“Run a marathon and discover who you are!”
An Amazing Day
Wow! What an amazing experience! Yesterday I completed the BMO Vancouver Marathon. Today I hobble with joy and am blown away that the race has already come and gone! I will be working on a race video in the next couple of days. For now, I want to do a report of my race experience.
First, the BMO Vancouver Marathon was amazing. Every part of the day fell into place. I recommend this race to everyone! I will be running it again without a doubt.
I am delighted that I completed my fist 42.2k distance. I stuck to my race plan and it paid off. Overall, I was able to stick to a solid pace for the first 24k. After that, I added a minute to my per kilometre pace each hour. This was to be expected. I believe the goal in training is to “push farther out” the place where you start to drop in pace significantly. In training, I had completed several 20k and 30k runs. I did one 32k and I remember that due to cumulative fatigue, that was a particularly difficult day. As I prepare for my next marathon adventure, I will work in more 32k training runs in order to push out my lactate threshold.
The race was well-organized. The corals were clearly marked, and the start was a mass start as the cap was around 5k participants, unlike the half marathon that started earlier. The course did not feel congested. Runners are a polite bunch in general, but a poorly set up course causes problems regardless.
The one complaint I have is a problem reported last year as well. At one place in the race, maybe 14k or so in (I’m only guessing as I was totally brain numb after 10k), a traffic cop was stopping runners and letting cars through. This is total crap as the course is closed to traffic, not to mention, we all paid big bucks to run this Boston qualifying course. This is the one and only thing about the course that has to change.
Cheer and Water:
The cheer sections were amazing. What amazing folks, especially during the final 2k, when you feel totally spent. I was particularly happy about the frequency of water stations. About every 3k, there was electrolyte and water tables, with periodic gels with one station that had small chunks of banana. It was a particularly hot day in Vancouver, and all the stations were more than willing to fill water bottles and even dump water on your head if you wanted.
The first 10k is mostly rolling hills, with plenty of down hill action to even out the 1k splits. I read several articles about the dreaded Camosun Hill that runs between the 9th and 10th click. However, the hill did not feel that bad at all. And, in fact, I kept a solid pace during that section breaking 5:56min/k. At the top of the hill my race time was at 1:05, much better than I expected. In my training, I did a lot of up hill work, something I grew to like quite a bit. I think this helped immensely.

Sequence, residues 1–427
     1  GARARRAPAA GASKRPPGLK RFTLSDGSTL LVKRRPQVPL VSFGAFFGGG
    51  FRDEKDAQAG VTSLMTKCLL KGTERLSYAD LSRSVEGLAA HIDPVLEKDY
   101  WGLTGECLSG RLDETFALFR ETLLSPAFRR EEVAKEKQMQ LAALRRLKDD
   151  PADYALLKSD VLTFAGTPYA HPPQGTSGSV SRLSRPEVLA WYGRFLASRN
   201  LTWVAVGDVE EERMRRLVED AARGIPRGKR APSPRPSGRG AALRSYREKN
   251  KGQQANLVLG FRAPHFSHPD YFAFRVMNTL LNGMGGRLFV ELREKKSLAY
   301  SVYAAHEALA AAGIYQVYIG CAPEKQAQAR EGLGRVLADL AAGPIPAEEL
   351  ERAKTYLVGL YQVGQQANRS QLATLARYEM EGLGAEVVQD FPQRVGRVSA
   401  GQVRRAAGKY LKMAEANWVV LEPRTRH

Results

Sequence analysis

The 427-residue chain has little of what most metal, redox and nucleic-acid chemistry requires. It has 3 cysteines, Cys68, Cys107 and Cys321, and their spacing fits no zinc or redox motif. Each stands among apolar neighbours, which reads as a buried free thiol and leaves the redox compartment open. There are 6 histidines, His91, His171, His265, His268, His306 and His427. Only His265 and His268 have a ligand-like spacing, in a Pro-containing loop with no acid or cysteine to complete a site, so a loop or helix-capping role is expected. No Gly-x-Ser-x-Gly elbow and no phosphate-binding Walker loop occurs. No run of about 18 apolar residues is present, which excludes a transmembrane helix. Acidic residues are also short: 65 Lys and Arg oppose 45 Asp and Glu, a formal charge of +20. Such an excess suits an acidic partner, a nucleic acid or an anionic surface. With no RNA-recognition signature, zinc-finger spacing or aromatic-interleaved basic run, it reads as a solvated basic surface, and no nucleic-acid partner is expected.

Distance 10k to the Half:
My 21.1k split was solid considering the hills and heat. Now, I know you are laughing if you are from like Arizona or Hawaii, but 26c is quite warm for us in BC, especially in May! 🙂
This part of the course was relatively unremarkable. A serious downhill section starts around 19k and goes for what seems forever. I recall feeling like I needed to take this section slow as my quads were feeling some burn from the pounding. I think training needs to include significant downhill training to learn to manage pace, etc. I did not do enough of that over the past year.
Distance Half to 35k:
At around 24k, I started to seriously slow down. This part of the course flattens out and runs along English bay. It was one of the most beautiful sections in the course, and also the most warm. Usually Spanish Banks and Jericho Beach are quite breezy, but not on race day.
The final big uphill climb starts around the 30k mark. This is the Burrard Bridge. I walked about a third of the uphill climb concerned I was going to burn myself to a pulp before starting the final 10k.
And yes, the FINAL 10K! For everyone this is the most difficult portion of a race and an equalizer for every runner. Even with a good training plan, if you go out too fast at the beginning of the race, the wall is waiting for you here. This is where I slowed down even more. In the final 10k, it is definitely “One Foot In Front Of The Other!” The final 10k is where your mental training comes into play more than any other part of the course. If you have to walk, you remind yourself that walking does not equal failure. I used counting forwards and backwards from 100 to keep my mind distracted. I had run the Sea Wall dozens of times in training, and knew where the course felt the most “lonely”. Luckily, the aid stations broke the long winding sections up, giving me hope.
Distance 35k to the Finish:
The final 7k of the race went by like a blur. I remember feeling a second wind, and also remember that feeling of worry that started at around the 29k mark disappear. The race ends on a slight uphill, but that did not seem to bother me. Then, suddenly, you pass the finish line. The make the end of my journey even that much more exciting, John Stanton was handing out medals. I wanted to give the guy a big hug, but I think I would have scared him a bit! Instead I grabbed his hand and said, “Thanks for everything”.
The BMO Vancouver Marathon is the “must do” race for every marathoner. With the exception of the traffic cop stopping runners, I have no complaints. Hopefully they will figure this out in the future as it appears to be a problem during previous events.
This was my first marathon experience, and definitely not my last. Time to sign up for another one!